This week has been a roller-coaster ride of emotions trying to come to terms with my cardiologist’s diagnosis – that one or more of the arteries in my heart were likely blocked. He arrived at this conclusion after receiving the results of my GXT (Graded eXercise Test – it’s where they hook you up to an EKG while you walk on a treadmill. Then every three minutes they increase the speed and grade until you reach 80% of your maximum heart rate). This all came about after the past 6 months showed that my heart issues (being easily winded after little exertion) were not asthma related (started using Breo, an inhaled steroid, and virtually eliminated my usage of a rescue inhaler). Given the GXT results, my options were presented as one of the following:
- Have an Isotope Stress Test – This is the same as the GXT, except you are given an IV drip with an isotope in it that allows your doctor to see where blood is flowing while at rest and during exercise. This method only allows blockages to be identified, not fixed.
- Have a Transradial Cardiac Catheterization – This is where a catheter is inserted into the radial artery in your wrist and is run up to your heart (similar to a femoral catheter that goes through your groin, but much safer and with quicker recovery times). Once there, a dye is released into your heart with a live X-Ray for the Doctor to watch the flow into the arteries.
Knowing what we know now, the first option would have been the best route to go. However, my cardiologist felt relatively certain with the results from my GXT that there were blockages. So, going with the first option would just confirm it and we’d still have to do the second option. Whereas just going with the second option, he can determine if there is an issue, where it is, and fix it right then and there (assuming there weren’t too many blockages). So, a two birds, one stone type of deal. Of course, he also mentioned that the results of the GXT could also be a false positive.
So, my wife (Alison) and I talked it over and chose to go ahead with the heart catheter. It was NOT an easy decision, and I spent the next couple of days grieving over it and questioning my life choices leading up to this point (I am, after all, only 34. A 34 year old with blockages in their heart is not common). With that said, the procedure took place yesterday morning, with my family there in support (and my work-family sending good vibes) and just like all the YouTube videos said…it wasn’t nearly as scary as it sounds.
Once I arrived at about 6:45am, they called me back very quickly and spent the next hour or so getting me prepped. This included:
- Having me dress down to a gown
- Performing an EKG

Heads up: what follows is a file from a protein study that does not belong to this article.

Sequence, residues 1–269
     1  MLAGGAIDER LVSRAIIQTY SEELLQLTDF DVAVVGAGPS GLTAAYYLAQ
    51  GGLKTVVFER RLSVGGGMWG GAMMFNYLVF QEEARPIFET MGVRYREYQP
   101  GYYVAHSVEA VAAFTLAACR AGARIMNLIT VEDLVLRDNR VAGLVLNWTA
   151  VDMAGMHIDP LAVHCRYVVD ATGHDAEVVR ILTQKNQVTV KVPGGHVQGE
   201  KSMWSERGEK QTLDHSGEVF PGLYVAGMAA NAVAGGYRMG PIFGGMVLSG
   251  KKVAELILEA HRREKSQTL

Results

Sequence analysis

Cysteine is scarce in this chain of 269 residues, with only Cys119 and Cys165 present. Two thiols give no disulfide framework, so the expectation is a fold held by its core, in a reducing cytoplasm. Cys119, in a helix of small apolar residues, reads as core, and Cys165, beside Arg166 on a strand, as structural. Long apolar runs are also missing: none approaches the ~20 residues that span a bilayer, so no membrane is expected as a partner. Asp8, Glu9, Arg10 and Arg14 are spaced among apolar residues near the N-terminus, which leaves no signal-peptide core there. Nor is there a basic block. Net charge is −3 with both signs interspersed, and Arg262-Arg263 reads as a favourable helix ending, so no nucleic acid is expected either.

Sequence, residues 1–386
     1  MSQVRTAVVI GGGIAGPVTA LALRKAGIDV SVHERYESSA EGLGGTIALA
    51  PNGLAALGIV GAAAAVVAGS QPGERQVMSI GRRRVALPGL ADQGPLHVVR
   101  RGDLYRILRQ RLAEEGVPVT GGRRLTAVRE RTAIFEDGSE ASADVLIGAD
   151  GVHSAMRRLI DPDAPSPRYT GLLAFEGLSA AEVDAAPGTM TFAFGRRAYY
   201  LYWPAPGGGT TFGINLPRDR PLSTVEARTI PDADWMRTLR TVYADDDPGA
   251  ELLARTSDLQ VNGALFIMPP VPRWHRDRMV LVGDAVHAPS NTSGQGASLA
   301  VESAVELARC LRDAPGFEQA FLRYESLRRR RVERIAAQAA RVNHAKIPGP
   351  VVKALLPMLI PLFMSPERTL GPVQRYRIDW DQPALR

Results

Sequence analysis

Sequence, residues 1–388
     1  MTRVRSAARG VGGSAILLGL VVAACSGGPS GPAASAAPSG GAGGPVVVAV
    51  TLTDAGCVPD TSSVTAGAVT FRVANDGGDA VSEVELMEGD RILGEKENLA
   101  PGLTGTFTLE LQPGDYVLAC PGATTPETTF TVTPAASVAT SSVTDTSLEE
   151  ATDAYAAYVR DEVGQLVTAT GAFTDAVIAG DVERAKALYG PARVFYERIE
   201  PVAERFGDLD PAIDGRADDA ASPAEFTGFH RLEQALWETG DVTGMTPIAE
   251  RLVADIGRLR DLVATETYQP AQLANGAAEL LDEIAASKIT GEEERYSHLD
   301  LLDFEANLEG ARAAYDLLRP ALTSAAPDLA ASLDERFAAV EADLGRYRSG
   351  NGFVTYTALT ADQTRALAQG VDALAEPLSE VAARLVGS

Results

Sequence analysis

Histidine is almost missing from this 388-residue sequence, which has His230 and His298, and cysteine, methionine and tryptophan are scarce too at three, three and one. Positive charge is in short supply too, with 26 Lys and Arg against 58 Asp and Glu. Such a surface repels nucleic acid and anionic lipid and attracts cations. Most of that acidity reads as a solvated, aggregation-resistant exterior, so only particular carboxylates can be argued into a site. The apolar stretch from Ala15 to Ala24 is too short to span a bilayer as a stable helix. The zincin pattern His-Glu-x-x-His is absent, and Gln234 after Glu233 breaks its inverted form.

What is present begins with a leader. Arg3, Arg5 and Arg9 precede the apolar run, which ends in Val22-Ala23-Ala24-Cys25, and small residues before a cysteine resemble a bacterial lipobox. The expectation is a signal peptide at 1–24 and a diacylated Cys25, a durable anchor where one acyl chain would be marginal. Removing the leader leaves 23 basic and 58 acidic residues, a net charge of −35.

- Having me take 1 Valium & 1 Benadryl
- Shaving the spot on my right wrist where the catheter would be inserted
- Shaving two spots on my left arm for two IVs & inserting them
- Shaving multiple spots along my side for electrodes to be attached (as you may have guessed by now, I’m a rather hirsute individual)
- and wrapping up paperwork
After prep, they raised my bed/gurney up and rolled me about 10ft over into the room where the procedure took place. The bed was pushed up beside the operating table and I slid myself over and under the x-ray device hanging from the ceiling, being cautious of all the cords & cables now hanging from me. After getting settled, they taped my right arm down to the table, connected one of my IVs, and placed an oxygen cannula around my face. Next, they had to shave the inside of my legs just in case the procedure couldn’t be done through my wrist. But, to avoid embarrassment, they provided me with a privacy doily over my nether regions. Thankfully, I was starting to feel the effects of Valium & Benadryl by then. Finally, they swabbed me down with a gel-based iodine device that looked like one of those dish-washing sponges that can hold soap in the handle.
Afterwards, without really being able to move, I waited on the table as they did final prep before my cardiologist arrived. Once he arrived, he asked me how I was and then I heard him order something like “250 mzd”. I’m not entirely sure what that is short for (or if that’s even what was said), but I’m fairly certain it was the medication for conscious sedation as I felt much more relaxed after it was pumped into my secondary IV. As I continued to watch him and look at the monitors, I heard one nurse comment “He’s still wide awake” and shortly after something to the effect of “one more”…at that point, the x-ray device right above me appeared to double, come back into focus and then…..just bits & pieces since the medication inhibits memory storage. But, I’m pretty sure I just stared at the ceiling and only turned to look at the monitor once.
Awareness of my surroundings didn’t really return until he finished about 30-40mins later and called out to me that I had ZERO blockages. None – no calcium build-up or anything. The GXT result had indeed been a false positive. So, I went through all of that stress & grief to find out I’m a fat, lazy, out-of-shape guy who needs to lose weight. But, given what I just went through, that’s fucking ok with me.
This may not be the case for everybody, but I find anxiety relief in knowing more about something that seems really scary. While researching transradial cardiac catheterization, I found the following videos to be extremely helpful and insightful.
This video from Dr. Srinivas Attanti answers a lot of questions on stents and atherosclerosis:
Another video from Dr. Srinivas Attanti that talks about cardiac catheterization and the benefits of going the transradial route:
This video is of Dr Ramzan Zakir going through the procedure and narrating what is going on & why: